So I just came on sabbatical. The best gift of week 1 was sleep–day time sleep! It was good for the body, really good. Then the next week came and its gift really took care of my soul. I got re-connected with my teenage friends from around the world, from every continent! Many of them I had lost touch with for 24 years!
THE END FROM THE BEGINNING
I started life backwards. Sort of. Usually people fool around in their teens and when they are all grown up–mature (whatever that means), prim, proper, and seasoned–become ambassadors of their countries. I became an ambassador for Ghana in my late teens, a youth ambassador, together with 50 other World Vision Youth Ambassadors from 50 different countries! As a strapping 18-year old, that experience would irreversibly enlarge my heart; and it has never been able to shrink back into being merely Akan or just Ghanaian or even only African. Never. I’ve been a global citizen since the mid-90s, or a ‘world class Christian’ as my mentor Paul Borthwick would put it, and yet at the time I did not even yet quite understand how much God is a global God on a mission, as I do today.
Connecting the dots, it might no longer come as a surprise then that a couple of decades later I’ve been to 45 countries and lived for a year or more in three, worked with the United Nations, founded and expanded The HuD Group to two dozen countries on each continent, pastored an English-speaking Chinese church in a French city (Montreal) in North America (Canada) and spent my last seven years as president of International Student Ministries Canada, empowering international students to impact the world through Jesus Christ. WVYA was my second experience as an international student, the first being as an exchange student from Achimota School in Accra to Ballard High School in Louisville (Kentucky, USA), the year prior. Being a World Vision Youth Ambassador in 1996 is a gift that keeps giving, like this last couple of weeks!
THE CHANG CHALLENGE
How I got selected as the World Vision Youth Ambassador for Ghana was a miracle, divine. I will leave that story for another time, lest I digress. WVYA was a phenomenal idea birthed by Dr. Jerry Chang, then World Vision Taiwan CEO to bring together 50 young people from 50 different countries to pursue and promote life’s common grounds, universal values. We would study conflict prevention, justice, peace, unity, reconciliation etc. and embody all of this as we constitute a choir travelling the world with this message of unity in diversity. For six weeks this group would live together as global community doing all the philosophical as well as musical studies, and then for the next six weeks tour Taiwan (the host) and other countries. 1995 was the debut year. In my year, we got to tour Taiwan, the USA (New York, Washington DC, Los Angeles, Seattle), Mexico and Canada. The 1997 cohort’s countries were Taiwan, Japan, USA and Guatemala (I got to do that tour too, as I’ll explain shortly below). In all, the programme run for five years–1995, 1996, 1997, 1998, 1999 and with a combined finale of selected previous ambassadors in 2000–resulting in 245 youth ambassadors from 61 countries in total.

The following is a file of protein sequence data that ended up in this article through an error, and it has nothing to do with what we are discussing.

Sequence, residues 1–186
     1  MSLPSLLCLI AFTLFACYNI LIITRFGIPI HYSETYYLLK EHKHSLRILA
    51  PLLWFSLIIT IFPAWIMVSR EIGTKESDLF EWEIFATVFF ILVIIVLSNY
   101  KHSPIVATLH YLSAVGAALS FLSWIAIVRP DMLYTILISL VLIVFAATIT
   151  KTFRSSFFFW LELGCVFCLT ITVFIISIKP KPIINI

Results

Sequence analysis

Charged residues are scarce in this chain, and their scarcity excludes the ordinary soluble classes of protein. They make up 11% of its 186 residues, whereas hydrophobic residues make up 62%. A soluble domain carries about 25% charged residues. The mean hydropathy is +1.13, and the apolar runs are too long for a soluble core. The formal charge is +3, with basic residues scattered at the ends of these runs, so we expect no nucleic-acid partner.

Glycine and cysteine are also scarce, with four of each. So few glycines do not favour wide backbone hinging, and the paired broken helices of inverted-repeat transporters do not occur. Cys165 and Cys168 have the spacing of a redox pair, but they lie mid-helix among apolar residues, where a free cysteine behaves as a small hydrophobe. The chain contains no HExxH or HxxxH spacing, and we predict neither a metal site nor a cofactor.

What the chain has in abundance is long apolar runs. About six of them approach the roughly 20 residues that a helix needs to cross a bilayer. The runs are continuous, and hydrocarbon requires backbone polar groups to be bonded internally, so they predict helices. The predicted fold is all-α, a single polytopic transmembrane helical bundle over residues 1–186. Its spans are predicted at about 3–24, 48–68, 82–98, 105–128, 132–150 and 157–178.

A couple of weeks ago I was contacted by Claudia Sofia, who was the ’96 Colombia Ambassador in my cohort, that the 1997 year group was planning an online reunion and had requested her and me to co-facilitate. She, together with a few of them, did such a splendid preparatory job that I didn’t have much to take care of, really. The thing about Claudia and I is that we were the two out of our group of 51 in 1996 who were selected by the WVYA staff and invited back as staff interns for the following year’s programme so we are very familiar with both 1996ers and 1997ers. Claudia and I reunited about eight years ago when her family temporarily relocated to Canada where I’ve been living and serving with my family since 2009. We have not only been in touch since but have for the last five years worked together on leader development globally and in Latin America in particular through The HuD Group.
It was amazing seeing all these WVYA ’97ers on the Sunday July 5 call; and the cherry on top was the presence of Mama Chang, the 94-year old matriarch, wife of WVYA founder. Inspired by the 1997 gathering, Claudia and I got to work on a WhatsApp group to rally the 51 youth ambassadors of 1996. To cut a long story short, in the last two weeks not only have we found (with CIA, Interpol and Scotland Yard skills) 48 of the 51 Youth Ambassadors and corralled everyone into the same WhatsApp group we have also held two online Zoom reunions (July 11 and July 18), affording everyone to reminisce the past, provide a current update and begin a conversation about re-imagining the future. At the time of writing this, all the other year groups have already met except 1995 (in the offing).
WHY NOW? PANDEMIC BLESSING